Tuesday, August 31, 2010

Religious Art in the Home: We Like It

As far as I know, there's no rule that says a practicing Catholic has to have a crucifix on the wall, or some sort of religious art on display. I think it's a good idea, though.

Besides, I like to display things that matter to me. Up in the attic, where I do most of my reading and offline research, I've got an M. C. Escher poster, a few maps, and assorted pictures on the walls. Also a little Holy Family desktop sculpture.

Next to the front door of my house, there's a sort of crucifix on the inside wall. My father-in-law carved it, several years ago. It's a little different: a representation of my Lord's face in profile is at the meeting of a cross's upright and bar.


By the front door: a sort of crucifix.

I like it. And it's one of the many reminders in the house of our faith.

The east wall of the kitchen has a few 'religious' pictures, including one of Jesus in Gethsemane. My wife's family had a picture of the Last Supper in the kitchen - a sort of tradition. We wound up putting a copy of The Last Supper in the north room.


The east wall of the kitchen. The framed words are a Norwegian meal blessing.

That Norwegian prayer to be said at meals is from my heritage. My mother is Norwegian, and taught me 'grace' in that language. A decade or so back, I saw a copy of the prayer in a religious book & gift shop in Alexandria and put it on the wall.

The wall sculpture in the upper right of the picture is a stylized Madonna and Child that my father-in-law carved. I think quite a few of his kids have one of those.


In the north room: a picture of the Last Supper, next to family photos.

This household's Last Supper picture is, of all places, in the north room: where we don't eat. Oh, well: it loses some of its symbolic significance here, but I see it every time I get up from my desk. Or do, if I remember to look to my right as I walk toward the kitchen.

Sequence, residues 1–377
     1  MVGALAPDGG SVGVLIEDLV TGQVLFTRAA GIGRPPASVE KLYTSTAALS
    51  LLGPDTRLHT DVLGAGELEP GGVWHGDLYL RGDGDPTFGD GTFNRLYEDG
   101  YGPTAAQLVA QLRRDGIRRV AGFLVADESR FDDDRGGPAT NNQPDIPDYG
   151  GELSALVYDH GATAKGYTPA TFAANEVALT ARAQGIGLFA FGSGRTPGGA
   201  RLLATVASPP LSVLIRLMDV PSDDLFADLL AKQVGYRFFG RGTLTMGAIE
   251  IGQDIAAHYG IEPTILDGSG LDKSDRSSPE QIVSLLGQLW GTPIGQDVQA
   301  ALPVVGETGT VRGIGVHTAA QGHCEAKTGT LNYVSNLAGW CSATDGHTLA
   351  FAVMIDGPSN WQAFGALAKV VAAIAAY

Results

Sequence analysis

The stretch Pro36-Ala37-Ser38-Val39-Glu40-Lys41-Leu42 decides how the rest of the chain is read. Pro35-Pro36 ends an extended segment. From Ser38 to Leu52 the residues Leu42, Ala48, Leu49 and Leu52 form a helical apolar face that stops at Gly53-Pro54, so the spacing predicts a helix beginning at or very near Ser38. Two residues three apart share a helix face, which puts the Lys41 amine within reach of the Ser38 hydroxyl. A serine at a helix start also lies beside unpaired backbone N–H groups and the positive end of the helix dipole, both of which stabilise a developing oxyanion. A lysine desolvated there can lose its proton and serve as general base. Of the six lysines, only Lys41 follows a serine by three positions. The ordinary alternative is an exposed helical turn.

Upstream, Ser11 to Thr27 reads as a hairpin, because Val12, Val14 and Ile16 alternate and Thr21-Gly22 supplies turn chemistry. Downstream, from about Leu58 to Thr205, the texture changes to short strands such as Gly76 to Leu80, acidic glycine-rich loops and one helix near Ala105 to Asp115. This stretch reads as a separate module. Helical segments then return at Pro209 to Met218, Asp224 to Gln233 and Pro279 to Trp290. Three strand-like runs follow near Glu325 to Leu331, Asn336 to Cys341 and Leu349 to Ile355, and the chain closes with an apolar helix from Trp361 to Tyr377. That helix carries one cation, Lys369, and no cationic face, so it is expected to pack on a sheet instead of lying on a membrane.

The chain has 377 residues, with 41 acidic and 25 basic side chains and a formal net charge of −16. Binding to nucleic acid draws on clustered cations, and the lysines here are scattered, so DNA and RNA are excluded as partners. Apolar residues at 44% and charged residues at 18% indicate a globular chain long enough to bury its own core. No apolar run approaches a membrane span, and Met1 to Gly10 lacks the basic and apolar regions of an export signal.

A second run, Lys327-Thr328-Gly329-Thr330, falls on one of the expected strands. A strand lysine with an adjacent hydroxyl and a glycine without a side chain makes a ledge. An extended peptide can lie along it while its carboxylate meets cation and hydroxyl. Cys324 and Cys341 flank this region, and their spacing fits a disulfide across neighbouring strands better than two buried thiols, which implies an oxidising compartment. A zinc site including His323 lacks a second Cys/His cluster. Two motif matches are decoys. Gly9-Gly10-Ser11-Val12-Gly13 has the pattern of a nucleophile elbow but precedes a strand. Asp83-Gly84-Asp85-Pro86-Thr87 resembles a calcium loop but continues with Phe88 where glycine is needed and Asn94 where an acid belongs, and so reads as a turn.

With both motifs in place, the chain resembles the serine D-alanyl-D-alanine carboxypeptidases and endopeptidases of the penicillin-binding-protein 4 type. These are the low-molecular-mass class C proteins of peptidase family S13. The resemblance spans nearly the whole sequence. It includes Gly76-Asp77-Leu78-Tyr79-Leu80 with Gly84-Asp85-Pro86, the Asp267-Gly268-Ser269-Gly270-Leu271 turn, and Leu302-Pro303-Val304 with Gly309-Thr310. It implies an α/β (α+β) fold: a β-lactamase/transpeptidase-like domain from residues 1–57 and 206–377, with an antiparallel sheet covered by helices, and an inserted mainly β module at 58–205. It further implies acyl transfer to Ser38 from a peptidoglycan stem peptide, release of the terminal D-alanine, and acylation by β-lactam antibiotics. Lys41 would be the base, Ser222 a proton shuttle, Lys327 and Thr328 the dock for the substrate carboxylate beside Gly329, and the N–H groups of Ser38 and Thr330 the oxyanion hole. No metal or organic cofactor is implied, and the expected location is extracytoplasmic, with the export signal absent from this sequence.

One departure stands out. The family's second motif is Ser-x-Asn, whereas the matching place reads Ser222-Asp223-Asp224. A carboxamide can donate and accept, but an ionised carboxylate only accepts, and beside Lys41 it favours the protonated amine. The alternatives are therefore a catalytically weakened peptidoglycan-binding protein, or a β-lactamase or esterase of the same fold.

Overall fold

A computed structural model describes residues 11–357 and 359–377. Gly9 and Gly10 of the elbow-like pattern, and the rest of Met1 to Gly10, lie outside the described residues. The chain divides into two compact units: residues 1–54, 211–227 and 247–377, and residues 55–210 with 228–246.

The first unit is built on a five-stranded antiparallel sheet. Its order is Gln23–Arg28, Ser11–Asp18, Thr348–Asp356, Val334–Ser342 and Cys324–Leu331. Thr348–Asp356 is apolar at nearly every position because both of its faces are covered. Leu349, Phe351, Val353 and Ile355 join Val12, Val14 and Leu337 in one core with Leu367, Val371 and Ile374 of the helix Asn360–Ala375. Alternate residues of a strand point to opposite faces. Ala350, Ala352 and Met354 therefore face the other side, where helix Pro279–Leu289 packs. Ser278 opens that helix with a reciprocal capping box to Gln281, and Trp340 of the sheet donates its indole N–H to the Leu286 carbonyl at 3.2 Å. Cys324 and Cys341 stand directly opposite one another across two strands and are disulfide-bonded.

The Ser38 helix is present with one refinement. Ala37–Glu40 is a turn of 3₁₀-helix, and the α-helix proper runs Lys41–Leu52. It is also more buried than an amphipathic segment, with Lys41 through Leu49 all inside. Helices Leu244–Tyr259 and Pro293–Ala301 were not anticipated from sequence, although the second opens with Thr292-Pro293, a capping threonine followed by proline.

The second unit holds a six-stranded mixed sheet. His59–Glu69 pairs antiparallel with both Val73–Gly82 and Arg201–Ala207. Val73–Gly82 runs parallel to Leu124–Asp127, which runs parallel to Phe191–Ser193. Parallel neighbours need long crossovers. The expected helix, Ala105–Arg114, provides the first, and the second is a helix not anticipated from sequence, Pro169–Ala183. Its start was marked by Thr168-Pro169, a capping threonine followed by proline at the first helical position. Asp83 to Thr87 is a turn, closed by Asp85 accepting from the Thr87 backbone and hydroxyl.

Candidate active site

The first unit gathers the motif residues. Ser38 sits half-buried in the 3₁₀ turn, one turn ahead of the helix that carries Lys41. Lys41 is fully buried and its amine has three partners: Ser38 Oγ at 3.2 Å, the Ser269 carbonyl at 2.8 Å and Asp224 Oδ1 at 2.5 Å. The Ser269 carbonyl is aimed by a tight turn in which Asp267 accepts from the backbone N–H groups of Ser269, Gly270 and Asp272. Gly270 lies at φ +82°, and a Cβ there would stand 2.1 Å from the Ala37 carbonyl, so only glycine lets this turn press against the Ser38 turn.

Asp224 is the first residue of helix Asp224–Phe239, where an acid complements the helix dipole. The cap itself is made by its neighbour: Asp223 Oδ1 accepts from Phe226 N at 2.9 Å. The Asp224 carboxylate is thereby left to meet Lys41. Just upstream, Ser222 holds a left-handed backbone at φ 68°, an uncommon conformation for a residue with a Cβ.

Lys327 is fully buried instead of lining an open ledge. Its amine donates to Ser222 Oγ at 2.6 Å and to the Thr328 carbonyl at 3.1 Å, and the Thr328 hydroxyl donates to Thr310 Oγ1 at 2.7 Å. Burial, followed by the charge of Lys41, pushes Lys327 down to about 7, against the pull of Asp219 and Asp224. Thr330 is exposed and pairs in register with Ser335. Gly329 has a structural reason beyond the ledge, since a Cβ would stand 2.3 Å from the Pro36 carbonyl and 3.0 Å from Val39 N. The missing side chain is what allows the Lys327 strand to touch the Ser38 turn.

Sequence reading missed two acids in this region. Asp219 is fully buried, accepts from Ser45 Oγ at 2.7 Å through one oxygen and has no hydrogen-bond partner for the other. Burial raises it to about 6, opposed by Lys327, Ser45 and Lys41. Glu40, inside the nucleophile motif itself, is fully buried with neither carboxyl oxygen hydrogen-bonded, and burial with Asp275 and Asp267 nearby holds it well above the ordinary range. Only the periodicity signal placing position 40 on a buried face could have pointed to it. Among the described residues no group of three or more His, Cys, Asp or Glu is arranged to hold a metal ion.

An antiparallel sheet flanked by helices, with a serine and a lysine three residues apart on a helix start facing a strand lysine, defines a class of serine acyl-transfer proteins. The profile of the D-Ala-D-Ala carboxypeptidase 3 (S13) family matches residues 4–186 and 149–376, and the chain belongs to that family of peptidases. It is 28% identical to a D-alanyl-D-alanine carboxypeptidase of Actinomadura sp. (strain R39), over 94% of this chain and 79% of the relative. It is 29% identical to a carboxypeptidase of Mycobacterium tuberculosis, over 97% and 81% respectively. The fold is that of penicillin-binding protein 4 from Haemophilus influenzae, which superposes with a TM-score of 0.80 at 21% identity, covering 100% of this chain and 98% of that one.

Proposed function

So, why do I think having that stuff on the walls is a good idea? The pictures and carvings are reminders of what I believe. When I see one, it may encourage me to think about some aspect of my Lord, His life and teachings.

Some also have a certain amount of 'warm fuzzy' appeal. Which is okay.

I don't think that everybody should have things like that on their walls. Like I said, as far as I know there's no rule that says Catholics have to have any sort of art on display.

But it's something my family and I do.

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6 comments:

Brian, aka Aluwir, aka Norski said...

Well, that's interesting.

I've gotten spam in Chinese, but what I just deleted was in Turkish.

Left by someone with a protected-profile Blogger account, it started with (in translation) "part of vendor credit...."

Folks, I don't mind comments - that have something to do with the post - and are in a language you can be sure everybody else here understands. Which, in the case of this blog, is English.

Left-Footer said...

You understnd Turkish? Hat tip to you!

I share your liking for religious art, though I guess your taste is better thatn mine - here in Poland, pilgrimages are very popular, and so are cheap souvenirs of them, which I unashamedly collect.

My pride and joy, though not really objets d'art, are a luminous Crucifix and a Holy Water squirter, which bought as a child at Buckfast Abbey, UK.

No it's not kitsch.

I differ from you, only in that I think all Catholics should proudly display the badges of their Faith.

Brian, aka Aluwir, aka Norski said...

Left-Footer,

If I were to do this post over, I'd re-write that last paragraph: particularly "I don't think that everybody should have things...." I think Catholics should display tokens of our faith. I was trying to avoid sounding like folks who are convinced that if they do something - everybody ought to do so, too.

About Turkish? I don't understand that language - but I've got access to some decent translation software. Wonderful stuff, software.

As for your luminous Crucifix & Holy Water squirter: We've a few items like that, too: including a glow-in-the-dark Rosary.

Which is handy when it comes to nighttime prayers.

Brigid said...

I think a squirt bottle for holy water is a cool idea. If I ever find myself in some haunted catacombs again (which I sincerely hope I don't) I'd want something like that along.

Left-Footer said...

Brigid, there's clearly a story here: "haunted catacombs again..."

Please tell it!

Brian, aka Aluwir, aka Norski said...

Brigid, Left-Footer,

I know what Brigid is referring to - and yes, it's a rather interesting traveler's tale.

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